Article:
Let us pause for a moment to take stock of the evaluations of technology presented in the article: on one hand, technology renders students ‘dumb’ and even less prepared for employment; on the other hand technology – once harnessed – can serve ‘desired learning outcomes’. In addition to these two positions, Zazzali and Klein purport that ‘students are wasting valuable time using inflexible learning-management systems (e.g. Blackboard) […]’ (2015: 262). I have no wish to argue for the existing or imaginary benefits of virtual learning environments. (The interested reader can look at Selwyn’s 2016 article who pays attention to the language in which these systems are often described and calls for an evaluation of the actual benefits they are having.)

What I wish to point out is that Zazzali and Klein’s thesis is underpinned by the implicit assumption that technological devices are ‘neutral’ tools, the use and impact of which can be dictated by (intelligent) human agents. Put simply, the good or bad use of technological artefacts is a matter of human decision, if not will. According to such conception then, when social media use becomes a source of distraction and impedes academic performance, this is seen as a failing of the students to be disciplined enough and impose their will on the technological device. It is in this way, also, that Zazzali and Klein resolve the apparent contradiction of their argument. By suggesting that social media use within a theatre project needs to be ‘selective and strategic’, Zazzali and Klein can both accept the position that social media render students ‘dumb’ and advocate for the very same technology to be used in the classroom.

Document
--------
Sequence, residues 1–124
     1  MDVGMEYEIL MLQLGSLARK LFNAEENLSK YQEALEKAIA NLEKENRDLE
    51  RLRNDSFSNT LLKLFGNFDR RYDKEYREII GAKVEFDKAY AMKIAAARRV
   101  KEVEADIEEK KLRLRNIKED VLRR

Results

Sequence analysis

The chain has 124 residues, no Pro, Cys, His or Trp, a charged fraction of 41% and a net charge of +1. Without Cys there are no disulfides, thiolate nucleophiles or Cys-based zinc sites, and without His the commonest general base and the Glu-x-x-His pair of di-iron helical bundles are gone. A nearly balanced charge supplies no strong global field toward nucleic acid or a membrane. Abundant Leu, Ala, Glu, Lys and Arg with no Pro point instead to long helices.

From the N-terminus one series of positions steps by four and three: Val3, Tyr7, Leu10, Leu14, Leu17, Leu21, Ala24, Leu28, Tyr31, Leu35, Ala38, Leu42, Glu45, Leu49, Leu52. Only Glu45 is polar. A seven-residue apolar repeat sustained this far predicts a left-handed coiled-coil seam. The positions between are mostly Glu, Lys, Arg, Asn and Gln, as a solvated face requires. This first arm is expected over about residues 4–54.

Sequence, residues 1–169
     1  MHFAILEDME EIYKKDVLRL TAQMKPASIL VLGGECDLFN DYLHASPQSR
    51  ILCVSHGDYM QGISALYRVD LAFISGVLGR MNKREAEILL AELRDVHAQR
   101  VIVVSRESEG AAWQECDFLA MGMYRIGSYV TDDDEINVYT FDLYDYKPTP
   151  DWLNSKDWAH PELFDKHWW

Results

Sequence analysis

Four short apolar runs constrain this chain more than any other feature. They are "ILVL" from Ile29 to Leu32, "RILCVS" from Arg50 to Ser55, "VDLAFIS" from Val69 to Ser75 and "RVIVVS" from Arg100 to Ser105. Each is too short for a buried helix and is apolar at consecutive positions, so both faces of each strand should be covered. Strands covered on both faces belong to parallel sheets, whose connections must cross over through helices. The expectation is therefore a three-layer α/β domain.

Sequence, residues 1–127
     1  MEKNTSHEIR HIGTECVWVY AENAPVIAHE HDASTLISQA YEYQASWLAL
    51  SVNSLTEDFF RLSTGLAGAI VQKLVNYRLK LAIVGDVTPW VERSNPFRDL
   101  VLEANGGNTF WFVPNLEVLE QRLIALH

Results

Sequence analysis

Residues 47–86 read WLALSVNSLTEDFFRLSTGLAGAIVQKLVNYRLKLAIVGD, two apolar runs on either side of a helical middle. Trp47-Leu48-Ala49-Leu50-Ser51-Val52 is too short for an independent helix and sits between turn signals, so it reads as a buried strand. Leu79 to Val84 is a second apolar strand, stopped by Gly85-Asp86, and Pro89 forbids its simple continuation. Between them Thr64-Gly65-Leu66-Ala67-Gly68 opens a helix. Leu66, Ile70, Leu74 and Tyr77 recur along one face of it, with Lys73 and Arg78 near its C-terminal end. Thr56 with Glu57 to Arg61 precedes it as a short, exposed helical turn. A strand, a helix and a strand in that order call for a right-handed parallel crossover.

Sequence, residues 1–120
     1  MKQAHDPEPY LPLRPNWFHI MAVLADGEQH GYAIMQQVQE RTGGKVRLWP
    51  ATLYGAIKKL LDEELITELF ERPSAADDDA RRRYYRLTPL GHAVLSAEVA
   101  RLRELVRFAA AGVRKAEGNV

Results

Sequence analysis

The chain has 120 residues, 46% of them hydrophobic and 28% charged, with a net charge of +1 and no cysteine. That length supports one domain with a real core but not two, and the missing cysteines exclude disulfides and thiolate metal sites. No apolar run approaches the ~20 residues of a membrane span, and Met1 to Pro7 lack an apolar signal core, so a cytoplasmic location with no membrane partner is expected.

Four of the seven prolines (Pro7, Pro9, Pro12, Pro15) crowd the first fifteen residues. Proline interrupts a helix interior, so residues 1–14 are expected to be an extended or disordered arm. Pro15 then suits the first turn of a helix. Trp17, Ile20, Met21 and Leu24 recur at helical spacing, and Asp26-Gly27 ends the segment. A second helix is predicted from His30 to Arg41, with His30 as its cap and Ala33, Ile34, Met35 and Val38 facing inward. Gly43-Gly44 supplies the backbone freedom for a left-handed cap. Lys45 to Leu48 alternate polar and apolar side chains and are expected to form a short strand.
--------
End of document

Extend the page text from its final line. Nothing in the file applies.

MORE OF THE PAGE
We could assume that the way this pronouncement would translate in an actual project would be that a student would be expected to ignore notifications coming on the social media feed that are irrelevant to the project and only engage with the relevant ones. Similarly to the binary between a destructive/distracting technology and a beneficial theatre expressed by Mike Alfreds and Kathryn Hunter respectively, such a position fails to acknowledge that western societies are technologised to such an extent that a great number of devices and functions have been rendered invisible. And even if we take into account those technological devices that are not yet transparent, there is no consensus which of these devices or cultures of use should be permissible and which should be banned and under which circumstances. If for example, our imaginary student, let’s call her Sarah, receives a notification that has not been posted by the project team, but is relevant to the project, should she ignore it or engage with it? Who or what is going to guide Sarah in making this decision? Should this guidance be part of the kind of broad theatre education, Zazzali and Klein are arguing for?